GUITAR CHORDS

Guitar chords are a collection of tones that sound together at a time when played on a guitar. These chords are set up on the guitar in such a way that they can be optimally used for many playing styles. The notes composed can be composed with the guitar chords. Unlike other musical instruments, a guitar is flexible for chording purposes. Many chords can play the same notes on the fret board.

Guitar chords are represented in a chord diagram format for the players. Several symbols are used to identify the diagram.

* The vertical lines represent the guitar strings and the line on the left shows the sixth string on the guitar.

* The horizontal lines show frets on the guitar.

* A symbol x is shown above a vertical line that indicate a string not played.

* A symbol o is above a vertical line that indicates an open string.

* To show a position in which a string is played the filled circle or square represents it.

* A curved line is used t o indicate a bare

* There are numbers beneath each string that shows the index finger and the middle finger.

A guitar player needs to change the low E string tuning to a D note. The guitar chords change place between strings.

The major guitar chords are a root note, a note, a major third above the root and a fifth above the root. These five chords are very important to a guitar as they are all major triads and they refer to chords. Another reason is that they area available in open position and the first three frets open strings. These five chords have its root on a different string. They can be connected and linked to create one large pattern of tones on the fret board.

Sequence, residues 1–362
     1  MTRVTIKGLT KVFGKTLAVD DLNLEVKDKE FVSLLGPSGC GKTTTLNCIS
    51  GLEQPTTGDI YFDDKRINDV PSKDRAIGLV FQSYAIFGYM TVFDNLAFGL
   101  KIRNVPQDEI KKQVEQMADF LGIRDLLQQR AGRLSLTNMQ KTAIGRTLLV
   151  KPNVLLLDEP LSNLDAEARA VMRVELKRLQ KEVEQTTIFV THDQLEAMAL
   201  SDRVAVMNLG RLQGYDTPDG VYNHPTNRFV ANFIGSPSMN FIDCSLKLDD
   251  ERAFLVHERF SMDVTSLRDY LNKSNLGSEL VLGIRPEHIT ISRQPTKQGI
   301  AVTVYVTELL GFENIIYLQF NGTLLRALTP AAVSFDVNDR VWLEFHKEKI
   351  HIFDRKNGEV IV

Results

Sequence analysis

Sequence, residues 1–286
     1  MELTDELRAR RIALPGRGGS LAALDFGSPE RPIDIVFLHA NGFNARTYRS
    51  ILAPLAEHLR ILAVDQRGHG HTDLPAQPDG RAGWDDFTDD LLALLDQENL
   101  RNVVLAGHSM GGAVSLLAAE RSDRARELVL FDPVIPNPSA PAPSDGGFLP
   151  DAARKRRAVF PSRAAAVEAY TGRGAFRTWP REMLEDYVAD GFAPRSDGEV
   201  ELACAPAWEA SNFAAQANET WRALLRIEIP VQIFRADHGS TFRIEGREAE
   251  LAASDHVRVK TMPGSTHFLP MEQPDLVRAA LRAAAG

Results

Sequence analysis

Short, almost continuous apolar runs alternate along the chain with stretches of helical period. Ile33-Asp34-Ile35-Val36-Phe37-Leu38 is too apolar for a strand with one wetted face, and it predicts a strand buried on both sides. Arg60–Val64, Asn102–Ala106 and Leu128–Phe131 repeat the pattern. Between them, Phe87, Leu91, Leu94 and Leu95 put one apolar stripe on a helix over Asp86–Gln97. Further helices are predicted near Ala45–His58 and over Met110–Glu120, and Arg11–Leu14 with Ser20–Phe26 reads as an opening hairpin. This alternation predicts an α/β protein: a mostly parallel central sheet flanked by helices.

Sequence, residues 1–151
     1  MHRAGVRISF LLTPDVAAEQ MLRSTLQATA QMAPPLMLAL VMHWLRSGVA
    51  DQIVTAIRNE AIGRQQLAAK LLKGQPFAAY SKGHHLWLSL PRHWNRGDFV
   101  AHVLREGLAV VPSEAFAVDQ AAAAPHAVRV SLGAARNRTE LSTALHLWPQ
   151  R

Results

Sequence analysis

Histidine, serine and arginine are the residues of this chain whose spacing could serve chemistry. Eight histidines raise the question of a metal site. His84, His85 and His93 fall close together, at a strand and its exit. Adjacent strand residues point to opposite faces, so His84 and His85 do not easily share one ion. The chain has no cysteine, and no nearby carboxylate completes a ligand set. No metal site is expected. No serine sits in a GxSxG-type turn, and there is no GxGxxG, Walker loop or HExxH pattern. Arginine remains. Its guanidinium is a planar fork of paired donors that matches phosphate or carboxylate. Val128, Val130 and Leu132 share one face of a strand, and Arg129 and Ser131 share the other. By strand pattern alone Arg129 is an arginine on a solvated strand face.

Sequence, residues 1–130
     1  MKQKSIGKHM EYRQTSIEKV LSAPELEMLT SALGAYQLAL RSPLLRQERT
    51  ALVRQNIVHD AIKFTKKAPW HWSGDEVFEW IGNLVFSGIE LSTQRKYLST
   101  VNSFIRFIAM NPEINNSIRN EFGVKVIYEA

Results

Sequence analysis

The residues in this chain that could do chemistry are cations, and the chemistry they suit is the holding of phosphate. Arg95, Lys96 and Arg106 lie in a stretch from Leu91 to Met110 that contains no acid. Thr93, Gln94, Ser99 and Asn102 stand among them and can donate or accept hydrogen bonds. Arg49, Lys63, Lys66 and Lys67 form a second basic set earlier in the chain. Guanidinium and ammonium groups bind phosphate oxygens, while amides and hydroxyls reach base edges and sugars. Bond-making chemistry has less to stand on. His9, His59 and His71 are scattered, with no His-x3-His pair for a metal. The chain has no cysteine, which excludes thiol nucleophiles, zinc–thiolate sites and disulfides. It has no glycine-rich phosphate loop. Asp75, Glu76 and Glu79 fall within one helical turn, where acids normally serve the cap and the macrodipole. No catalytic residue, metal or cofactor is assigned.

There are two completely tone major chords, they are of B major and F major, and they are played as bare chords. The effect is that the barre chords act as if the guitar has been shortened like a movable nut. Barre chords in the shape of A and E major can be played on the fret board. These chords are considered as major because they have its shape and they determine the intervals between the notes.

Minor chords noted as C, CM, OR CMIN are also the same as the major chords only that they have a minor third instead of a major third. This difference is of one semi tone. Augmented chords and diminished chords can also be created.

A guitar chord can be reversed when the bass note is not the root note. The chords are extended to seventh, ninths, elevenths and thirteenths also. These all are played with the CAGED shapes.

There are also power chords that consist solely of a root note and a fifth. It is possible to play five power chord shapes in a guitar that have six strings. Many alternate tunings are there and these change the way of the chords played making it easier to play. If all six strings are tuned to play a chord then a guitar is openly tuned without fretting. This enables the player to bar every fret of the guitar to make a chord.